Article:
WONDERLOVE- All of the Nightmares (Album Review)

WONDERLOVE- All of the Nightmares
WONDERLOVE – All of the Nightmares

Wonderlove has flown completely under my radar in their long, but sporadic career. Upon its release in February, I liked All of the Nightmares well enough. But each listen brought something new. Now, after almost five months it’s risen to among the top releases of 2022. While lumped in as a prog band, these guys play totally unique, modern, hard rock and roll influenced by the giants of the genre, from Led Zeppelin and The Beatles to Alice in Chains and Muse, by way of Alice Cooper and Alice in Chains. Lover’s of CGCM music would be hard pressed to not find at least one or two songs on this diverse album.

Previous releases from WonderloveGetting Off the Revolution and My Submarine— aren’t on streaming services, however, you can pick up physical copies. You have to think most of the band members doing double duty has something to do with it. The band includes two members from the prog outfit Perfect Beings, Jesse Nason on keyboards and Dicki Fliszar (formerly the drummer for Bruce Dickinson). Dave Beste of Rival Sons plays bass, and they are rounded out by Chris Paul Overall on vocals and  Bryan McIntyre on guitars. McIntyre and Overall also wrote the album


All of the Nightmares is the perfect name for this album. Almost every song has a nightmarish theme, from the mundane to the freakily scary.

The first nightmare is the groove-laden, heavy, Alice in Chains-inspired “Dark Harvest“. It’s a great start, but up next is one of the most upbeat songs, “On and On”. It’s a much different song—more stripped-down garage rock— about an equally different, real-world nightmare.

The nightmarish side of everyday life continues in “When the Vultures Die“. Overall crushes the vocals, Nason‘s keyboards meld perfectly with the bass and drums to reinforce the bleakness of the subject.

Powered by the macabre theatrics of Alice Cooper, the weirdness of The Doors, and the layered production of Pink FloydLinger” delivers a nightmare circus vibe. It’d be perfect for a Tim Burton-style animated movie soundtrack.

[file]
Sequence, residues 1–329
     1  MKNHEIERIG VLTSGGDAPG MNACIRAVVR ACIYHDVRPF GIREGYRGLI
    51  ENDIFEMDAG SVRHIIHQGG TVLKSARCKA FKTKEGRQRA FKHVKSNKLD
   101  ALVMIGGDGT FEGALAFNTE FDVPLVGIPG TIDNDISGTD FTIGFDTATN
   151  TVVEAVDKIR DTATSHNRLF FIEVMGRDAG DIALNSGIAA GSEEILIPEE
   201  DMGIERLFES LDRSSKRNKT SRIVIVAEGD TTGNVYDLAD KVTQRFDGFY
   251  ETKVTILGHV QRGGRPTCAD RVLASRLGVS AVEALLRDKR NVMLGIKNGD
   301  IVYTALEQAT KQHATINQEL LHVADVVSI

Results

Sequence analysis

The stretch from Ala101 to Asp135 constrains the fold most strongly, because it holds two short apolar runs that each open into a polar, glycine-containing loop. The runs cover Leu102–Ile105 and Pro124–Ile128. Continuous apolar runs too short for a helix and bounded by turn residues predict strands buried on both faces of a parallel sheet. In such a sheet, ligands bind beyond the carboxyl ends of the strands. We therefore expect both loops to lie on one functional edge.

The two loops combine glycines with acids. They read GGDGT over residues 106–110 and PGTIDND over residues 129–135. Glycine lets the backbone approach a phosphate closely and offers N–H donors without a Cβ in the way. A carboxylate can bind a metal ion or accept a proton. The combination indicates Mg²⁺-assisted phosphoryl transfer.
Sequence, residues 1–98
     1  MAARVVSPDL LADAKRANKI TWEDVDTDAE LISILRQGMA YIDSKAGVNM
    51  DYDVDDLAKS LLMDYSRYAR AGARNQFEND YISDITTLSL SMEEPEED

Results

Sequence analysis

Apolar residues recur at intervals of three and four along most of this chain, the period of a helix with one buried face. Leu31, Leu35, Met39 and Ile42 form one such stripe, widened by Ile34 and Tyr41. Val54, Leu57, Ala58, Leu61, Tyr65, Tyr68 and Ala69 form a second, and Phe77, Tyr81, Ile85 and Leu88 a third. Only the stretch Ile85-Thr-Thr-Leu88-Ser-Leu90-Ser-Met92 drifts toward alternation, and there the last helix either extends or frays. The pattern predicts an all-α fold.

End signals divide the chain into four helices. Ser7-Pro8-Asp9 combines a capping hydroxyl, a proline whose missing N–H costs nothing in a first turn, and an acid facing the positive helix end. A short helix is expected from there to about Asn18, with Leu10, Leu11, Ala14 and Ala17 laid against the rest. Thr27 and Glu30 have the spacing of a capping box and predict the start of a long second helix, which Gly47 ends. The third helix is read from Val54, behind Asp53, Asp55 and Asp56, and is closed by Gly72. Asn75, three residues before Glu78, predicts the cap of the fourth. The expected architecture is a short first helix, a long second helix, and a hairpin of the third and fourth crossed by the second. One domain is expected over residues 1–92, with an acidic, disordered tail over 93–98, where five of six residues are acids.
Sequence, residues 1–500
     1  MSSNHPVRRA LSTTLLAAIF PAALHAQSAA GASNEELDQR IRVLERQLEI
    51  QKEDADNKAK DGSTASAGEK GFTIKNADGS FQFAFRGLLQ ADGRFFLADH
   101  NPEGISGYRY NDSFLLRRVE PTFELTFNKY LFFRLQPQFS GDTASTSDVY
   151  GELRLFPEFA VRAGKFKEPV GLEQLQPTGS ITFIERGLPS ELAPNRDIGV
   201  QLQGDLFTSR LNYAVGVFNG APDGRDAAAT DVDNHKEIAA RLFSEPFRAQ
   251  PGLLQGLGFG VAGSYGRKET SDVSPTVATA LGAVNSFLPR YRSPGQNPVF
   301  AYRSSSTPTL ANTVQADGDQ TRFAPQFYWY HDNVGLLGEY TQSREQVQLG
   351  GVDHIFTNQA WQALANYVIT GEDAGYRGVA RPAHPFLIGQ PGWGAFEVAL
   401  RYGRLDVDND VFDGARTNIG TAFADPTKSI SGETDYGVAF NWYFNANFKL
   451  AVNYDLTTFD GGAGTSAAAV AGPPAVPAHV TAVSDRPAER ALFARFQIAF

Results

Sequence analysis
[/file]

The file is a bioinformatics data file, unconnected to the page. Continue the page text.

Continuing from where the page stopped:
My favorite track on the album, “Where Did Love Go” follows the prog-influence of “Linger” with a brisk, up-tempo hard rock song. It’s a real banger and the chorus is a major earworm.

Slow Burns

Some of the scariest horror comes at the end of a slow, tense build-up. For Wonderlove, many of their best moments happen in their slower songs.

Rain Fall Down” showcases the talents of Overall and McIntyre. I’m not as hostile to ballads as The Meister, but I usually skip the slower songs or pray for a hook. Well, I got the hook. Sounds to me like the Beatles drug through the swamps of 70’s country rock.

Also on the slower side, the proggy “Battles” has hooks too. The lyrics are fantastic and melancholy, layered perfectly in the thickly textured instruments. Where “Battles” features three guitars, keyboards, backing vocals, drums, and bass, “The Burden” is stripped down and raw. It’s worth checking out, especially if you’re in the mood for a sad song.

Snake Charmer” is a trippy song with a dark atmosphere. I give Heson a lot of props on this one. The rhythmn is haunting. The keyboards snake through the song eerily, and then come to the forefront. This nightmare is the cold, lonely walk through a misty cemetery.

Something For Any Hard Rock fan

The album closes with “Spider Queen” a horror story about Liza and the Spider Queen. It’s a perfect wrap-up to the album—a ghostly blues-drenched nightmare. It caps off a killer ride, paying tribute to some of the greats of rock and roll in their own Wonderlove way.

All of the Nightmares gets better with every listen. A lot of that credit goes to the writers Bryan McIntyre and Chris Paul Overall. The songs are extremely well-written stories of all sorts of different nightmares, from the utter sadness of “The Burden” to the all-out horror story of the “Spider Queen“. Even more impressive is the cohesive album pieced together from individual parts recorded all over the place during the early Covid quarantines.

Check out the video for “When The Vulture Die“. The video is perfectly creepy and a great place to start with them.



Also, find more of my CGCM reviews here: Dave Wilks

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